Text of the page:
Despite the name, a currency war has little to do with physical fighting. Instead, the weapon is national currencies or, more precisely, the relative strength of their currencies.
Everybody needs good neighbours
A currency war typically involves countries trying to depreciate their currencies with a view to stimulating their economies. A weaker currency can expand exports, for example. But because not all currencies can be weak at the same time, doing this can cause problems. At the extreme, they can result in “competitive devaluations”, a race to the bottom. Just 29% of respondents to an eZonomics poll said they knew what a currency war was.
Japan, China and Brazil have all intervened in currency markets
In the month of October 2010, FT Alphaville listed 25 instances of official intervention and “de facto intervention” in currency markets in a single week – which is historically high. It said actions varied, from Japan selling its own currency to stop it rising, while Brazil and Thailand increased taxes on offshore money flowing into investments in their currencies. Meanwhile, China continued to manage the exchange rate for its currency against the US dollar, keeping it within narrow boundaries.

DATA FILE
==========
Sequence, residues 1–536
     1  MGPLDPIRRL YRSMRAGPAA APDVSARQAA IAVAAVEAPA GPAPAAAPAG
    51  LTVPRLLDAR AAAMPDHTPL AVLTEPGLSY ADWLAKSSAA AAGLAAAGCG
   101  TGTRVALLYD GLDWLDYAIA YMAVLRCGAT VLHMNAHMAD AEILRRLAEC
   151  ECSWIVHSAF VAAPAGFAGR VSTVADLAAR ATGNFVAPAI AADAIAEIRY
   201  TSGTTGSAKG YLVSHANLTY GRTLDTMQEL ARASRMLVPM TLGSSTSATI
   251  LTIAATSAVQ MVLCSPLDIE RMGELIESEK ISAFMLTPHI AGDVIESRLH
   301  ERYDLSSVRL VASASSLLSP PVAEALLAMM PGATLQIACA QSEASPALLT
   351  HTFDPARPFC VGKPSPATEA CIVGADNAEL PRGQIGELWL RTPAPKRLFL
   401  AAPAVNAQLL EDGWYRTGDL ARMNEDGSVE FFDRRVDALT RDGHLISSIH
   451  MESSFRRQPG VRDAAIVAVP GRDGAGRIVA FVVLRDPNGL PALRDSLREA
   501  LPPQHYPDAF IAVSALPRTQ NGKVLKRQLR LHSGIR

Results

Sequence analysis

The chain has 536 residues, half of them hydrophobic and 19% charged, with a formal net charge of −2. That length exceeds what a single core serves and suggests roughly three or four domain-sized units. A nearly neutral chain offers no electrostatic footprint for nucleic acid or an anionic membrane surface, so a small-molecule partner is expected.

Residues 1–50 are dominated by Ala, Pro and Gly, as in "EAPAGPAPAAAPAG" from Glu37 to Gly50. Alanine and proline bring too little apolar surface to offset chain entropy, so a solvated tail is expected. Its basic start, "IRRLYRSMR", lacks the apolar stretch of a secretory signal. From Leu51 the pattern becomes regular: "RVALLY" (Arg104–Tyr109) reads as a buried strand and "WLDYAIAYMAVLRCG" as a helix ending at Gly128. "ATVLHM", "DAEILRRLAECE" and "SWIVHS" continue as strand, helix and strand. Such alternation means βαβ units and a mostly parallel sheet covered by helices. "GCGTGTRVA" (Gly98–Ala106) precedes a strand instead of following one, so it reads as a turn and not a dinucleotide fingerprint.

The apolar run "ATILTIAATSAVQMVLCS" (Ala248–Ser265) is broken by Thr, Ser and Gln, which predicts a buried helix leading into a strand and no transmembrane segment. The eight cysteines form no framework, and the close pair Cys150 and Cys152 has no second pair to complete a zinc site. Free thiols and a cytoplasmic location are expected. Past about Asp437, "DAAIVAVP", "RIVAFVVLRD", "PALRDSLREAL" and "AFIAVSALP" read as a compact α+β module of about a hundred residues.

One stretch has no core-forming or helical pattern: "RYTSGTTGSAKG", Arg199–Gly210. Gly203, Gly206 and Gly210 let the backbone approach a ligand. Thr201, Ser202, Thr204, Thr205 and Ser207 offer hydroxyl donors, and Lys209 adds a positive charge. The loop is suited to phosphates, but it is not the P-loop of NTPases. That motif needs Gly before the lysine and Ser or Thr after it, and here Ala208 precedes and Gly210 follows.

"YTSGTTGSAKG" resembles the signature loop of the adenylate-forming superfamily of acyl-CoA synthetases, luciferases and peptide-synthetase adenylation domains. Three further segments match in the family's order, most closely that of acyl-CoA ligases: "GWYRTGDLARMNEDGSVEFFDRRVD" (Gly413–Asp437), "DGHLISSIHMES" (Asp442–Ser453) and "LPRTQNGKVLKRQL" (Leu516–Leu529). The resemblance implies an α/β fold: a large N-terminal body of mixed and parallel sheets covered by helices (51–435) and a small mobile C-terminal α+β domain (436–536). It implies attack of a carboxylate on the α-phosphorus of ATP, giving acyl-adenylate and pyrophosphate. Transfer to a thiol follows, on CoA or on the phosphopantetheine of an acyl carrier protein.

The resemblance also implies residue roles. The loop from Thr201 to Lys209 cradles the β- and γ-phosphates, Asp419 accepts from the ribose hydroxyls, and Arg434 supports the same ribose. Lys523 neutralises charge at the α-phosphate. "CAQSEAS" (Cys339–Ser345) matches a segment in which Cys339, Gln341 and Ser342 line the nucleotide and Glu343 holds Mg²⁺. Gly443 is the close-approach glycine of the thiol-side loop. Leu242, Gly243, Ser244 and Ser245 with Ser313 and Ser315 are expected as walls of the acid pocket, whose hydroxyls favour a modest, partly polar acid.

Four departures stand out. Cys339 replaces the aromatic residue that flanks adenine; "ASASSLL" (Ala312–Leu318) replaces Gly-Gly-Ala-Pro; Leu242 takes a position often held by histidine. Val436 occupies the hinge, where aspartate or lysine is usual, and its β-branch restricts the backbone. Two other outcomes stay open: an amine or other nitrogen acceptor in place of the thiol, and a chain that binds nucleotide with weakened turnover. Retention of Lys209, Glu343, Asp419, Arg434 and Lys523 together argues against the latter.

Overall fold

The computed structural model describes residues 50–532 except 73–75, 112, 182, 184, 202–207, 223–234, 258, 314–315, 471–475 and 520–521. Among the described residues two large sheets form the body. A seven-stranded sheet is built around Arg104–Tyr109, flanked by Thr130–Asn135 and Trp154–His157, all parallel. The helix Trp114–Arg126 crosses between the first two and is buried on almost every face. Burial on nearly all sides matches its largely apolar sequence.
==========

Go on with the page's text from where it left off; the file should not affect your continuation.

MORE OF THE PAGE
History offers lessons for the fight
This situation was not exactly a full-blown currency war. However, International Monetary Fund (IMF) managing director Dominique Strauss-Kahn warned countries against using currencies as a “policy weapon” in an interview with the Financial Times, also carried on CNN. Investment magazine Barron’s wrote that Brazil Finance Minister Guido Mantega was “saying out loud what policy makers were saying in private” when he spoke out about the issue of an international currency war. Brazil's curreny, the real, had been at a 10-month high against the US dollar, reducing the country's competitiveness.
History offers lessons for dealing with exchange rate tensions. Negotiations about currency tensions resulted in the Plaza Accord of 1985, which co-ordinated actions between countries with the aim of weakening the US dollar, and the Louvre Accord of 1987, an attempt to stabilise the US dollar.
How currency tensions can hit home
Currency tensions may involve high-level strategy but this does not mean that individuals are exempt from feeling the effects. In the extreme, exports and imports can be severely curbed. This can threaten supplies to businesses as countries fight back with taxes and other policy measures.